Yes, and: If this wasn't good enough news for the health care industry, the package is unlikely to include legislation addressing surprise medical bills or, pending a last-minute dealmaking surprise, prescription drug prices.
- The taxes have been repeatedly delayed. And while the industry has pushed for their repeal for years, it hasn't yet been successful.
Between the lines: Voters are decidedly not asking Washington to lift industry taxes while avoiding dealing with two of the most popular health care issues, but if that's how this plays out, it's a great indicator that industry's lobbying strength is as good as ever.
- It's also a good sign that cost control — the intention of the Cadillac tax, a 40% excise tax on the most generous employer plans — is still not very popular with lawmakers, even as health care costs continue to rise.
- The tax was expected to raise $200 billion over 10 years.
The other side: Industry says that the ACA taxes end up getting passed along to patients.
4. New cataract surgery drug gets quiet agreement
A new agreement between a small drugmaker and Kaiser Permanente will allow for the use of a new, pricey cataract surgery drug in Kaiser facilities, except there's one major issue: Nobody's admitting Kaiser is the distributing system.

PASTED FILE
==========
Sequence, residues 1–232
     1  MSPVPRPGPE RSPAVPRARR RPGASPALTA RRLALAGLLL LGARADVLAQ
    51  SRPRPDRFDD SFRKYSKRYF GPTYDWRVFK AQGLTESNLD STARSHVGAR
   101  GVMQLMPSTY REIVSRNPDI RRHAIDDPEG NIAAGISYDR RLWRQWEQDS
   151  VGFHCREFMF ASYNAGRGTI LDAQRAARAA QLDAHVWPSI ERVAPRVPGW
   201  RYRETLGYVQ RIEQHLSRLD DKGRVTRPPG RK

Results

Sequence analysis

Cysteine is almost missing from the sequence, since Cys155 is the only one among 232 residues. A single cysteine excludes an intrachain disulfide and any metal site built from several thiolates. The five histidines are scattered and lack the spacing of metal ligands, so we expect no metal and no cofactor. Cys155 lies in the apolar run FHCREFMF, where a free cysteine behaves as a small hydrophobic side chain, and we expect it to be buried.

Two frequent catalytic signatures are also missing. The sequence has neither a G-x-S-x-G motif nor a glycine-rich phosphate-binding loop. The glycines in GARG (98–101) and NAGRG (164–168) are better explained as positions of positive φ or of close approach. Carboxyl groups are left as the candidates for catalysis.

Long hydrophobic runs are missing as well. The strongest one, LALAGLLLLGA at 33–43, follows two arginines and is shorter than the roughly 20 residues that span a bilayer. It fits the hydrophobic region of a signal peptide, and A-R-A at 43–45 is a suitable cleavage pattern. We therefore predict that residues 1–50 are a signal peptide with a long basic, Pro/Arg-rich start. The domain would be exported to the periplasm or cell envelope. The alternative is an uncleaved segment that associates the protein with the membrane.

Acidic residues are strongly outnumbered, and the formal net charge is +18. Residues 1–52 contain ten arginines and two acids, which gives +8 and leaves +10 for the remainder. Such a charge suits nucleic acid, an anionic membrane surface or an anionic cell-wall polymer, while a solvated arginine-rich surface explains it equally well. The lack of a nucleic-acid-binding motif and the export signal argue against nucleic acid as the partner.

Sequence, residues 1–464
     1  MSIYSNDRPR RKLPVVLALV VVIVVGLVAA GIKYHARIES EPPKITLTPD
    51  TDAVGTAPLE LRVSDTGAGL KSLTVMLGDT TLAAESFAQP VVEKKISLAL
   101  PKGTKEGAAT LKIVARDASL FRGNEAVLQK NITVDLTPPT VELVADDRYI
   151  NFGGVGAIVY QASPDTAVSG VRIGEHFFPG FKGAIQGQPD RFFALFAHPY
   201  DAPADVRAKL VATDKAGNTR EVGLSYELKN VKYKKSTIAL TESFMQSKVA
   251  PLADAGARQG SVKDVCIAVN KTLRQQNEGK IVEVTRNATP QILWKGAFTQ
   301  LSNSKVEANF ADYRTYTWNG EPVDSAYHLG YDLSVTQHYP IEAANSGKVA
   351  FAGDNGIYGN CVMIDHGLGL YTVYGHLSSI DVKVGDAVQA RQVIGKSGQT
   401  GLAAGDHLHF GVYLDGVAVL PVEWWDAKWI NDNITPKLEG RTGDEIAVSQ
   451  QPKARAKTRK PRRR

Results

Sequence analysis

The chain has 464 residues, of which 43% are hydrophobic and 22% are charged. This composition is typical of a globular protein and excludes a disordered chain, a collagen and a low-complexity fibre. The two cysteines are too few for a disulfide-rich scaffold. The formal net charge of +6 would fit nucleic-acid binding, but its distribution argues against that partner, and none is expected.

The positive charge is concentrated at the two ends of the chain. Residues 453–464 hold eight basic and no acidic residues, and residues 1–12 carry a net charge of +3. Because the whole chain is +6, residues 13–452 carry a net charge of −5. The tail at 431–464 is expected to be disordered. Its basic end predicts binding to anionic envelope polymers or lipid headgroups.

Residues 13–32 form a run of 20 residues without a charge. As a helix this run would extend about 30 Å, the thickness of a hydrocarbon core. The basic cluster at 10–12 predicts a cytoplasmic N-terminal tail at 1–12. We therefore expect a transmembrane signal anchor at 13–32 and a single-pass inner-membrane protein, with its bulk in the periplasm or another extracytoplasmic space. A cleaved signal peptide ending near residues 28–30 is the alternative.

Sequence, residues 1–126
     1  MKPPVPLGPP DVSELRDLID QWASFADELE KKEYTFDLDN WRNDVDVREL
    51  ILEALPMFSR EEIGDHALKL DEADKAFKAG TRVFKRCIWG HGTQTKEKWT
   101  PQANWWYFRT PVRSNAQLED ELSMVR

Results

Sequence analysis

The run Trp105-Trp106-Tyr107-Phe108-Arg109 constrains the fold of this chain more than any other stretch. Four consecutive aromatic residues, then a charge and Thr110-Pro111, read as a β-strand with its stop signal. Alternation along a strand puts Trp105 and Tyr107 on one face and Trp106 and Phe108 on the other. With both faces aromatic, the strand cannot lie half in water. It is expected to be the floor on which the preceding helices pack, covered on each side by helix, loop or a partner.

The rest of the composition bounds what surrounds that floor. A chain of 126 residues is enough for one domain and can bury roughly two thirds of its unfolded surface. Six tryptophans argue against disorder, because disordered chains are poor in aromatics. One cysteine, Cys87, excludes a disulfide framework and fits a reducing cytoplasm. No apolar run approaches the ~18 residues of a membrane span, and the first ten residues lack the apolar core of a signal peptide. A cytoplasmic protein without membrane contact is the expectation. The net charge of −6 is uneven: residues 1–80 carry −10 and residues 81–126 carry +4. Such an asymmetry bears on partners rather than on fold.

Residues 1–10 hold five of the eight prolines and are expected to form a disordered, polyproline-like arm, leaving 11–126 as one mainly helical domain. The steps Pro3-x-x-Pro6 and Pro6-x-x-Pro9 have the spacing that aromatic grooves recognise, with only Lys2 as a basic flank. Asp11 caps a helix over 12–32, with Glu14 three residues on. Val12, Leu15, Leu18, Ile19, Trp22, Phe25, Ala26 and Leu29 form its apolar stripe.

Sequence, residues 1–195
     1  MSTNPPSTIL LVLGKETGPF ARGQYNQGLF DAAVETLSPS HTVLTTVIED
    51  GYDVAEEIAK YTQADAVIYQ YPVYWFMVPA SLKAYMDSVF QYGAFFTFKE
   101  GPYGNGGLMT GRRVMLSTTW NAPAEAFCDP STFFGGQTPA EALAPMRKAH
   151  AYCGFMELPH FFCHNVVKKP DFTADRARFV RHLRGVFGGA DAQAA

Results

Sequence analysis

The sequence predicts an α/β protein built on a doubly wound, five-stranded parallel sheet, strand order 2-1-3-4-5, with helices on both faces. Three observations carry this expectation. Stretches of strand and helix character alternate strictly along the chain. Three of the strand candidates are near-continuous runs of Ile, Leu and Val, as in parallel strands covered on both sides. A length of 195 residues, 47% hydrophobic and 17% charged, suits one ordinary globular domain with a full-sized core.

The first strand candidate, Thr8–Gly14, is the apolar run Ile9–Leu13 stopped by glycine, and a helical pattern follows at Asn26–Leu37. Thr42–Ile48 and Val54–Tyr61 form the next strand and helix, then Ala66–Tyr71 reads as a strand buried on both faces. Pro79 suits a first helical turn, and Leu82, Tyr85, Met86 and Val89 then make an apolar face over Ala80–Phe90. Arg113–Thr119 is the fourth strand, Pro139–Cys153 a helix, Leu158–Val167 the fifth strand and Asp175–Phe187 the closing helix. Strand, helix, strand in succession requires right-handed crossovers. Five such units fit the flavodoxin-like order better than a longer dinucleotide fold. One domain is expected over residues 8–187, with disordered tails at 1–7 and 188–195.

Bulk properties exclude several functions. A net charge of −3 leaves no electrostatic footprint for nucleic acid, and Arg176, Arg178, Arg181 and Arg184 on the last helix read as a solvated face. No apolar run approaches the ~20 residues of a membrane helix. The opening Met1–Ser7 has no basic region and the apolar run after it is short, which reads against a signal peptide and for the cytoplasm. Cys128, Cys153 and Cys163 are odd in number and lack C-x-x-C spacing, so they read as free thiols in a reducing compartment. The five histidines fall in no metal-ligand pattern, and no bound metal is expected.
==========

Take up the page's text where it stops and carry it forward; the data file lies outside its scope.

Why it matters: When it comes to transparency, the health care industry is a black box — even on seemingly small things, Axios' Bob Herman reports.
Driving the news: EyePoint Pharmaceuticals recently touted in a press release that it locked in a deal with an "integrated delivery system" to offer its new eye treatment, Dexycu, which is injected into patients' eyes after cataract surgery as a means to replace post-surgery eye drops.
- The release said this health system operates in "California, Washington, Georgia, Colorado and mid-Atlantic states" and has more than 8.5 million patients.
- The only system that is big enough and is in those locations is Kaiser Permanente.
What they're saying: EyePoint's chief commercial officer said he could "neither confirm nor deny" that Kaiser is the system that will start offering Dexycu.
- Meanwhile, a Kaiser spokesperson said: "We do not comment on the details of our pharmaceutical contracts."
The big picture: Dexycu has a list price of $595. Jones said this deal opens the door to roughly 70,000 to 100,000 cataract surgeries within the network every year.
- Drugs like Dexycu, which are part of bigger procedures, usually garner payment that is close to or even above their list prices. So it's reasonable to expect this deal is worth tens of millions of dollars.
5. While you were weekending...
- The FDA has approved the first disposable duodenoscope, which was designed to stop deadly infections, NYT reports.
- Mundipharma, the international affiliate of Purdue Pharma, is now trying to dominate the international market for opioid overdose treatment, AP reports.
- One of New Jersey's largest hospital systems was hit this month by a ransomware attack that forced it to cancel some procedures, WSJ reports.